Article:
water for a few minutes first. Try to maintain the bandsawn shape, and keep the tip of the finger about in. wide. Note that the bevel is greatest at the bases of the fingers, about 20, and decreases to about
10 at the tips.

Before proceeding with the top and bottom, I like to sand the inside of the box and top bands with 120-grit sandpaper. I also make sure the ends of the bands feather well into the inside contours while

photo on p. 55, stop. Turn the band inside out, rebevel the fingers, reheat the band and rebend it with the better side out.
From this point until the band is tacked together, be sure to hold all the fingers all

it's still easy to get at these surfaces. To mark the oval shapes for the tops and
bottoms, you can make appropriate-sized patterns for each box size or you can use the bands themselves as patterns. It usual-

The final step in preparing the band stock for bending is to feather the end of
the band opposite the fingers. Tapering the last 1 in. to 1 in. of the band eliminates a bump inside the box where the

the time or the band is likely to split up the middle between the fingers.
With the band wrapped around the core and the tack line centered on the core, draw a register mark across the top edges

ly doesn't make any difference when making the bottoms because the shapers have made the bands oval. But the top bands
have a bump in them where they were wrapped over the fingers of the box band

band ends. I prefer to taper the band on a belt sander using a scrap of wood to apply even pressure to the band. If you don't have a belt sander, then you can handplane this taper.

of the overlapped section at the front of


the band. This register mark lets you open the band to release the core and then to push the band back together into the same size oval shaped on the core. Hammer the copper tacks, and clinch them at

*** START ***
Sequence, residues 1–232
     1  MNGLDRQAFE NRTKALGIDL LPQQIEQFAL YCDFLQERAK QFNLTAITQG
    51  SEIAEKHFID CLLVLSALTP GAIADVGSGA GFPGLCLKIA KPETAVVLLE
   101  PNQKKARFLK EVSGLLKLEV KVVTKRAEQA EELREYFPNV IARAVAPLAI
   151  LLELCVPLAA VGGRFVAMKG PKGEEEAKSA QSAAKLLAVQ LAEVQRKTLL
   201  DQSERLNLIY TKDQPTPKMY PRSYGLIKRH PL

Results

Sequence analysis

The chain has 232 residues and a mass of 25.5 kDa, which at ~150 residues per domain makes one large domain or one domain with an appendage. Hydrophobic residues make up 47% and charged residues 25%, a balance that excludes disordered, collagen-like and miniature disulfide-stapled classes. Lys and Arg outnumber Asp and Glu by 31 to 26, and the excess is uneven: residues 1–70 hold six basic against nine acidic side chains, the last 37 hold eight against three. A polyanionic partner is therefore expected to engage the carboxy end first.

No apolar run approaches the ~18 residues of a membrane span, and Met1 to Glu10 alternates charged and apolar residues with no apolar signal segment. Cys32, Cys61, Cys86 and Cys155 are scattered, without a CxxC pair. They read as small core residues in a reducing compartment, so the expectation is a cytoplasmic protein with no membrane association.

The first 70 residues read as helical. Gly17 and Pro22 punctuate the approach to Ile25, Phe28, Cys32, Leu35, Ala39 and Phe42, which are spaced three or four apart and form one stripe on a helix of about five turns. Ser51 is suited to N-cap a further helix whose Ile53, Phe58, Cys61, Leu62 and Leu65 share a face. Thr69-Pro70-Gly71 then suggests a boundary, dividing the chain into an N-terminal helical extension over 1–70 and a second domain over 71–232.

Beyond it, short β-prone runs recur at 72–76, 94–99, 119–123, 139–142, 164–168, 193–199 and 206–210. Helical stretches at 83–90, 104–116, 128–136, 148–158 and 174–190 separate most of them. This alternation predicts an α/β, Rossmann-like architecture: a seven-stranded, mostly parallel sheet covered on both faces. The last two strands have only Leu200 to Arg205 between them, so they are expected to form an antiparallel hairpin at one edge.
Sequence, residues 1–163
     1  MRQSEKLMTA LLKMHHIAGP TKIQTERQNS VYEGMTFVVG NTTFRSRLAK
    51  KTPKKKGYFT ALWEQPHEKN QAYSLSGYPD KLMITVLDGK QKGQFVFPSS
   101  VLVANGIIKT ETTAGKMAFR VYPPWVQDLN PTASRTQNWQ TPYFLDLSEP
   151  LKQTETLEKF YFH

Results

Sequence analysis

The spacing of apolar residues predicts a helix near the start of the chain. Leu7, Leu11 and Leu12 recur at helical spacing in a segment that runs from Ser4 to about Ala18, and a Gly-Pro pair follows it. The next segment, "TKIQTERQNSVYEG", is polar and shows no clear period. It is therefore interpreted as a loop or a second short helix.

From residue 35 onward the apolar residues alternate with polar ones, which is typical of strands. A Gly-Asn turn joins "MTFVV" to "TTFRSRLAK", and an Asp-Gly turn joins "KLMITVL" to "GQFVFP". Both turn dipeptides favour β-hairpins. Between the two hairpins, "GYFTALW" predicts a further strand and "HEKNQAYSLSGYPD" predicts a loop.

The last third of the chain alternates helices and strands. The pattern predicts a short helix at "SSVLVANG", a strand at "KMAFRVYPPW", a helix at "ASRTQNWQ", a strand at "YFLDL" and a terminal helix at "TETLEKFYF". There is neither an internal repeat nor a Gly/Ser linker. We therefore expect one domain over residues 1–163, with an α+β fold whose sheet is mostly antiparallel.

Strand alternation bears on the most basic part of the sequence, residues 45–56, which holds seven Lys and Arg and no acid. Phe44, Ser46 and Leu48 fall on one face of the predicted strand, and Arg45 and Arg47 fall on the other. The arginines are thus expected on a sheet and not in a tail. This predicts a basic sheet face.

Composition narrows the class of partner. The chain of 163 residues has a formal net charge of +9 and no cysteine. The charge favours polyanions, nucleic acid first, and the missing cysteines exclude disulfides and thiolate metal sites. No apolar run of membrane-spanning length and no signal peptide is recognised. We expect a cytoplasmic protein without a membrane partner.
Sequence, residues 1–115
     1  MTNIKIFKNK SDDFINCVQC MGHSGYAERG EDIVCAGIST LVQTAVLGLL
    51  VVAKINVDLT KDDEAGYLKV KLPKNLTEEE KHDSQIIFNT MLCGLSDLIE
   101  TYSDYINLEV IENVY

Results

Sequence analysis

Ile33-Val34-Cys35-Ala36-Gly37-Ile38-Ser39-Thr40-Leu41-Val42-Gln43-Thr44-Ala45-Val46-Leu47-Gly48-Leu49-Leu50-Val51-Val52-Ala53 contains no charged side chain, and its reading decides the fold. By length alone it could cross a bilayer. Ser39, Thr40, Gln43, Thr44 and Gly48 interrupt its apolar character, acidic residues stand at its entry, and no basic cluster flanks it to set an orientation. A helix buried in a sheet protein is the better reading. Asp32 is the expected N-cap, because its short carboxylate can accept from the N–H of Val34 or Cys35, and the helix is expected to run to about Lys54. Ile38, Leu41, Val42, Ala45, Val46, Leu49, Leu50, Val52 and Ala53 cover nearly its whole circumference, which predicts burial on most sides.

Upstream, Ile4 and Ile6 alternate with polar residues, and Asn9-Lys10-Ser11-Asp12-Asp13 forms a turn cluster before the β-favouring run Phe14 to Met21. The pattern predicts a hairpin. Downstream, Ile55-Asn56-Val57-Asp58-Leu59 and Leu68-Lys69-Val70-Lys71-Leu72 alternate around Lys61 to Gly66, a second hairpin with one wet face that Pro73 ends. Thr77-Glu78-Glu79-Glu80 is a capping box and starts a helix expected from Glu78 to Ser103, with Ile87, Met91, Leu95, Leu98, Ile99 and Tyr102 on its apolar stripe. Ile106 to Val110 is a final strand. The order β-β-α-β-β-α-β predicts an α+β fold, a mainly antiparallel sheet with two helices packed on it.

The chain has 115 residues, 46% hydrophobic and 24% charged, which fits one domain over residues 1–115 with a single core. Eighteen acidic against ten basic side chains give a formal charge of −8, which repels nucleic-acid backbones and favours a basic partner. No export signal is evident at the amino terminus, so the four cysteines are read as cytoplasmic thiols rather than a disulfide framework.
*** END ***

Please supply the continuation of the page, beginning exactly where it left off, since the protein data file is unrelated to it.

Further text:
On the #0 through #4 boxes, a patternshaped top can even out the oval. On larger boxes, the band is thicker and doesn't stretch so easily. Therefore, on the larger sizes, using the band for a pattern gives
a better fit.

Bending the bands

Some folks shy away from projects that involve bending because they think it is difficult. However, the thin band stock, aided

the same time by nailing over a pipe anvil, as shown in the photo at right on this page,
to secure the fingers. The top band is made by repeating all the steps for the box band, except the box

Once the bottom is marked and roughly bandsawn to shape, the final fitting is done
on a disc sander with the table set to bevel

the edge 4. The cork effect of the beveled


edge provides a tight fit between the bot-

by a good soaking in hot water, bends easily around the core. You'll want to have everything ready, though, so you can bend
the band before it cools, which it will do in about half a minute.

band is used instead of a core to bend the top band. After tacking the top band, slide
it back on the box band to dry. Let the bands air dry for two days before continuing. Oval shapers pushed into the